New York Times

North Korea, World Cup, Supreme Court: Your Weekend Briefing

North Korea, World Cup, Supreme Court: Your Weekend Briefing

By Joumana Khatib and Lance Booth

Here are the week’s top stories, and a look ahead.

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CreditRungroj Yongrit/EPA, via Shutterstock

1. At least four members of a Thai soccer team have been brought out alive, officials said. Divers began the extraction attempt in a race against the threat of rains, which could make an already difficult rescue impossible. The 12 boys and their soccer coach had been stranded in the flooded cave since June 23. Above, medics took the rescued children to a helicopter.

We examined the cave complex and the logistical challenges the rescuers face.

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CreditPool photo by Andrew Harnik

2. Secretary of State Mike Pompeo wrapped up two days of talks in North Korea, declaring them “productive.” But soon after, Pyongyang accused the U.S. of pushing a “unilateral and gangster-like demand for denuclearization.”

Mr. Pompeo and his team offered no immediate evidence that they had come away with anything tangible from disarmament talks, while North Korea declared that American “working-level” officials were trying to destroy the agreement struck in Singapore. And on Sunday, Mr. Pompeo sharpened his tone on North Korea, saying that if American behavior were gangster-like, then “the world is a gangster.”

Have you been keeping up with the headlines? Test your knowledge with our news quiz. And here’s the front page of our Sunday paper, and our crossword puzzles.

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CreditTom Brenner/The New York Times

3. For Senate Democrats from Republican states, the upcoming battle over a Supreme Court vacancy poses a wrenching choice.

Those senators — like Heidi Heitkamp of North Dakota, above — can vote to confirm President Trump’s pick and risk alienating Democratic voters ahead of the midterm elections. Or they can stick with their party and jeopardize their seats — and the chances for a Democratic majority in 2019.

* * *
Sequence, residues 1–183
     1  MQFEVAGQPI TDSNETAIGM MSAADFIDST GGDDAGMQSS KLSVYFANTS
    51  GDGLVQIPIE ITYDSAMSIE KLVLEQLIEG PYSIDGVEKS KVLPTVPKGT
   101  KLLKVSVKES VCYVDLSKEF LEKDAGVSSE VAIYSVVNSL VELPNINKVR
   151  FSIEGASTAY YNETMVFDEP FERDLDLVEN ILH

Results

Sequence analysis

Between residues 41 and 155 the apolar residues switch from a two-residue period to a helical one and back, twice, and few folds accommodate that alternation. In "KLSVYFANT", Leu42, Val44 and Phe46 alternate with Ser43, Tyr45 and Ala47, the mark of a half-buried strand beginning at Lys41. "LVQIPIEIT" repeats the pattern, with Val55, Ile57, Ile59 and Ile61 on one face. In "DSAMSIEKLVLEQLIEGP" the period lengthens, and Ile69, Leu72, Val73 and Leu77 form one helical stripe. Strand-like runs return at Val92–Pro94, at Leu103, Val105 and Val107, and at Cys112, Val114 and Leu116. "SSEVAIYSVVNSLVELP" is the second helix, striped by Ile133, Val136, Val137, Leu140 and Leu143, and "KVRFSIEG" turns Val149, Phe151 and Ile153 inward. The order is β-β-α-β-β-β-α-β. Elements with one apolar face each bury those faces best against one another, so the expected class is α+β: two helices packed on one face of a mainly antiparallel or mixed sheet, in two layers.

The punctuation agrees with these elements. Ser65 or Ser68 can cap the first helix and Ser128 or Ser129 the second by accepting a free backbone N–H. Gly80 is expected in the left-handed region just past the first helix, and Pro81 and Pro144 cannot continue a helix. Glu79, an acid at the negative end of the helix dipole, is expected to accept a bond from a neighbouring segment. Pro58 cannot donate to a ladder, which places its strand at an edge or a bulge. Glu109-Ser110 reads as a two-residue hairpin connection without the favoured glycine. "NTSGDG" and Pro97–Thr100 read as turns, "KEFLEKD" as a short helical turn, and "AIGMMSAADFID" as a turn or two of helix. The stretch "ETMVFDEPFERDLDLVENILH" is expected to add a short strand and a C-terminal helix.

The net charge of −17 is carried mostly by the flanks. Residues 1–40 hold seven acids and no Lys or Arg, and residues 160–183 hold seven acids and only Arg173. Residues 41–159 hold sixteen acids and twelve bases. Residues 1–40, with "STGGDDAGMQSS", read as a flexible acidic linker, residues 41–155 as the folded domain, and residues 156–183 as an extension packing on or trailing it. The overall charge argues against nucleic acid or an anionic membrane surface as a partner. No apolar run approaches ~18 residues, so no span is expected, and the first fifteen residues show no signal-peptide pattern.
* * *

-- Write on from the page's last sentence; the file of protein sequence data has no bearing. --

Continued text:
A nonpartisan congressional analyst put it simply: “It is a terrible vote.”

Mr. Trump, meanwhile, is close to announcing his nominee. He’s likely to stick to the strategy that worked for him the first time: His aides say he views the nomination of Neil Gorsuch as one of the unalloyed triumphs of his presidency.

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CreditHeather Ainsworth for The New York Times

4. Most nursing homes have overstated their staffing levels in reports to the government, effectively falsifying their records and confirming the suspicions of many families that the number of caretakers was often inadequate.

Close to 1.4 million people receive care in skilled nursing facilities. The new federal data reveals frequent and significant fluctuations in day-to-day staffing.

The discrepancy can be particularly acute on the weekends — when, one resident said, it becomes “like a ghost town.”

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CreditFarah Abdi Warsameh/Associated Press

5. ISIS may be losing ground on the battlefield, but global threats of terrorism continue to spread.

From the scheming of lone extremists, with no apparent connections to terrorist groups, to fighters aligned with the Islamic State or Al Qaeda in more than two dozen countries, terrorist threats are as complex and diverse as ever. And the Islamic State is adapting to the changing landscape, taking its communications underground to rally supporters worldwide, a sign of the group’s enduring legacy and influence.